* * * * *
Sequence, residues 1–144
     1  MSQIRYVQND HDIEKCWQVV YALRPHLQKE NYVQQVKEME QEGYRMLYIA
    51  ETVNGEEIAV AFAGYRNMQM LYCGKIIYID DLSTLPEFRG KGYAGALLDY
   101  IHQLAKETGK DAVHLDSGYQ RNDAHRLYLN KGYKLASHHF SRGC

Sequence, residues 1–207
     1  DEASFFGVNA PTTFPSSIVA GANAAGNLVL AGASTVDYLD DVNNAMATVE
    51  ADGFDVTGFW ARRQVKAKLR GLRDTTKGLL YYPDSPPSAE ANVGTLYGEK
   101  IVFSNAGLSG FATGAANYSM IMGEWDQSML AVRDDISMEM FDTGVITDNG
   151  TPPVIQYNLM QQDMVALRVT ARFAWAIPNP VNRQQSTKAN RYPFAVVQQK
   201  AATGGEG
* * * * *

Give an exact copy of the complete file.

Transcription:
Sequence, residues 1–144
     1  MSQIRYVQND HDIEKCWQVV YALRPHLQKE NYVQQVKEME QEGYRMLYIA
    51  ETVNGEEIAV AFAGYRNMQM LYCGKIIYID DLSTLPEFRG KGYAGALLDY
   101  IHQLAKETGK DAVHLDSGYQ RNDAHRLYLN KGYKLASHHF SRGC

Sequence, residues 1–207
     1  DEASFFGVNA PTTFPSSIVA GANAAGNLVL AGASTVDYLD DVNNAMATVE
    51  ADGFDVTGFW ARRQVKAKLR GLRDTTKGLL YYPDSPPSAE ANVGTLYGEK
   101  IVFSNAGLSG FATGAANYSM IMGEWDQSML AVRDDISMEM FDTGVITDNG
   151  TPPVIQYNLM QQDMVALRVT ARFAWAIPNP VNRQQSTKAN RYPFAVVQQK
   201  AATGGEG